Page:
• 11-15 years’ experience: Ten scouts with 11-15 years in the business responded. Their respective lengths of contract were divided pretty evenly between one (3), two (4) and three years (3), and none had served in an executive role. One, surprisingly, made less than $50,000 in the last year. Three made between $100,000 and $125,000 per year, and the rest (6) were at $125K or more. Six of 10 had no pension plan; five of 10 made 3-5 percent match on their 401(k); and six made $50-$59 on per diem. Six of 10 had a car allowance of $600 or more.
  • 16 years or more: We had 14 respondents to our survey in this bracket. Eleven of 13 are on two-year deals. Most (8) had some director-level experience on their resume. When it comes to salaries, there was surprising diversity. Though nine of 14 are making $125,000 or more and three are in the $100K-$125K range, one scout fell in the $65,000-$80,000 range and another was in the $80,000-$100,000 range. Eleven of 14 have some form of pension; seven of 14 have a 401(k) match up to an unspecified match (four have basic match, while one each have 3 percent, 5 percent and ‘other). Nine of 12 make a per diem rate of $50-$59 (the others, $49 or less) and most (8) make $600 and up for a car allowance.

We’ll compile the answers to our other questions regarding playoff shares, Super Bowl tickets and contracts with lockout stipulations (among others) in the pages of ITL, or here, soon. In the meantime, we hope this provides a snapshot of scouting salaries that may not be comprehensive, but at least better than nothing.

 

Here’s What Several Former NFL Scouts Would Do at No. 1

Though the chatter on Draft Twitter seems to indicate that Oklahoma QB Baker Mayfield will be the top pick in the draft, there’s still a fair amount of uncertainty about what the Browns will do at No. 1. With that in mind, we asked several former scouts what they would do. Here’s what they told us:

Jeff Bauer (Jets): “Obviously, there is not a consensus of who the best QB is, if you should take the sure thing in (Penn State OH Saquon) Barkley, or even the best DE in (N.C. State DE Bradley) Chubb. Here is what I know: without a high-caliber QB, it is very unlikely you will win a Super Bowl. There have been exceptions, but you can count those times on one hand. Now, which QB? Do you draft the least ideal physical specimen who won more than the other ‘physically preferred QBs?’ That is what every GM, coach, owner is asking today who has a top 10 pick. For my money, you have to go with your gut on who is the smartest, best leader type that will win games. (Seahawks QB) Russell Wilson and (Saints QB) Drew Brees have proven you do not have to be 6’4 to win championships. I have not sat in a room for hours with these QBs like the guys making the decisions today have, but I would think when it comes time for me to turn in that card, it is going to be the guy they felt best about with leadership, smarts, and resilience to come back from mistakes.”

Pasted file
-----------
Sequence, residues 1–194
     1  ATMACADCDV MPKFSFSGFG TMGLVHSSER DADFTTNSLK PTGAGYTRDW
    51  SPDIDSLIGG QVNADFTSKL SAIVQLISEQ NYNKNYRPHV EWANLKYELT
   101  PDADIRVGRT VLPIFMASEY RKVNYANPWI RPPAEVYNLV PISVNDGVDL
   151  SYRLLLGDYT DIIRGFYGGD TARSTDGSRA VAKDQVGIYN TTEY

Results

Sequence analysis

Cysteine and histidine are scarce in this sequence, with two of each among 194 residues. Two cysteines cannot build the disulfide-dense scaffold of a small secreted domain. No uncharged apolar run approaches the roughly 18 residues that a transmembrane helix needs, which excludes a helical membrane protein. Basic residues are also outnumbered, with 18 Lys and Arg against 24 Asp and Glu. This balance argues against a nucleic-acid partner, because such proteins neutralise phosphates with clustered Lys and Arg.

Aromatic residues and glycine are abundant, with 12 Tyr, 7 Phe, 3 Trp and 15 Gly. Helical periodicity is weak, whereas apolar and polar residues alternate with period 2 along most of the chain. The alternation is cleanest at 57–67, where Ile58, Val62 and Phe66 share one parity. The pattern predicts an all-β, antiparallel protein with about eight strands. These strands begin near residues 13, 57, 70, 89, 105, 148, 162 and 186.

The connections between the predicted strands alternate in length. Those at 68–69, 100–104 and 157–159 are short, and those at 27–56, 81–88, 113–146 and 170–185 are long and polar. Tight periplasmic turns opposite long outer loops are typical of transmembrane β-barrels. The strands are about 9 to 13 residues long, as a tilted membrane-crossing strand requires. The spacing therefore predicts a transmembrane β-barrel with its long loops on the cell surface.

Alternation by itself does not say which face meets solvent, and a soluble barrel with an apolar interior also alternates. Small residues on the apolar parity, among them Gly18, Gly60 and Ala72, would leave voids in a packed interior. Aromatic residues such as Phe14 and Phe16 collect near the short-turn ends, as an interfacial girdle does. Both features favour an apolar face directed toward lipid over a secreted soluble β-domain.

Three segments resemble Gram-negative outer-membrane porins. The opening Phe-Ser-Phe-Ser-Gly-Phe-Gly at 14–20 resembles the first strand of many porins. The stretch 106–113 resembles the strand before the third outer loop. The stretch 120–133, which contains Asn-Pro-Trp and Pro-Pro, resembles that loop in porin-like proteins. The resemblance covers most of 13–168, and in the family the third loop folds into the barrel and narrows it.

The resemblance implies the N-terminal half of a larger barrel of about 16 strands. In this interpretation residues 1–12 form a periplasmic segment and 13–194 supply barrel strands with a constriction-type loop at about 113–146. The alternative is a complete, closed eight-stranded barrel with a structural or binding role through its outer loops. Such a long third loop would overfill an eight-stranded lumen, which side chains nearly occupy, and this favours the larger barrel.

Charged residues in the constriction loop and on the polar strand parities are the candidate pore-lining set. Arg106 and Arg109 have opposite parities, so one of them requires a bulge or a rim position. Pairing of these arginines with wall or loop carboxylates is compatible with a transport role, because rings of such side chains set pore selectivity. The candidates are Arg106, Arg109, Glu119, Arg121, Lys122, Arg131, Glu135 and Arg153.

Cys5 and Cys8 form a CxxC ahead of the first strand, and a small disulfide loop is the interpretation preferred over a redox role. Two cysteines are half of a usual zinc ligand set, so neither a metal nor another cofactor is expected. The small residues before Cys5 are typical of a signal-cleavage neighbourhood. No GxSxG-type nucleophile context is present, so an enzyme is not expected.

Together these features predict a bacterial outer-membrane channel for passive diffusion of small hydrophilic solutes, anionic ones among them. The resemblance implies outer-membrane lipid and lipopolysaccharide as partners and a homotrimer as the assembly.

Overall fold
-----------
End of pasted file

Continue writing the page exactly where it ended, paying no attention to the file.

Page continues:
Danton Barto (Rams): “I would take Barkley the RB and grab the QB with the 4th.”

Ryan Hollern (Saints, Bills): “Has to be a quarterback. It’s a quarterback/head coach-driven league. You need to have a franchise guy in the building. Plus, they pick the guy they want from this talented class.”

Bruce Kebric (Raiders): “I would take the best player (Barkley) unless my team was a talented one.  An excellent running back can take a lot of pressure off of a quarterback, particularly an inexperienced one who the Browns can select at No. 4. I always use my experience of what Earl Campbell did for the Oilers and Dan Pastorini.  Of recent note is Dallas with Ezekiel Elliott and Dak Prescott.”

Matt Manocherian (Browns, Saints): “It depends on how you feel about the quarterbacks, and since I’m not 100 percent in love with any of them, I would try to trade out and hope to land Chubb at 4. He’s my favorite player in the draft, and I’d feel comfortable taking him at 1 if I couldn’t get good trade value. If you love one of the QBs, that has to be your move. For me, I like Mayfield and Rosen over the other top prospects. And even though I now often get pegged as an ‘analytics’ guy, I’m not in the camp that’s vehemently opposed to taking Barkley high. He’s a good football player who changed Penn State’s offense as soon as he saw the field, he creates matchups, and he has obvious value on all four downs. I wouldn’t want a team in my division to draft him.”

Bob Morris (49ers, Browns): “The consensus best player in the draft is Barkley from Penn State. I would take him with the first pick if I did not have a consensus on which QB is the best. Browns can still come back and get one of top 3 QBs at #4. The RB will help, whoever is the QB.”

Josh Washburn (Redskins): “As far as Cleveland goes, they’re in a pretty good spot. I would look into trading down. They’re still in a good position at #4 to get a pretty good player whether it be their franchise QB or someone else to make them better. Plus, they’d pick up more picks to go with their surplus in the first two rounds and help recover some of what they lost by picking up (WO Jarvis) Landry and (QB Tyrod) Taylor.”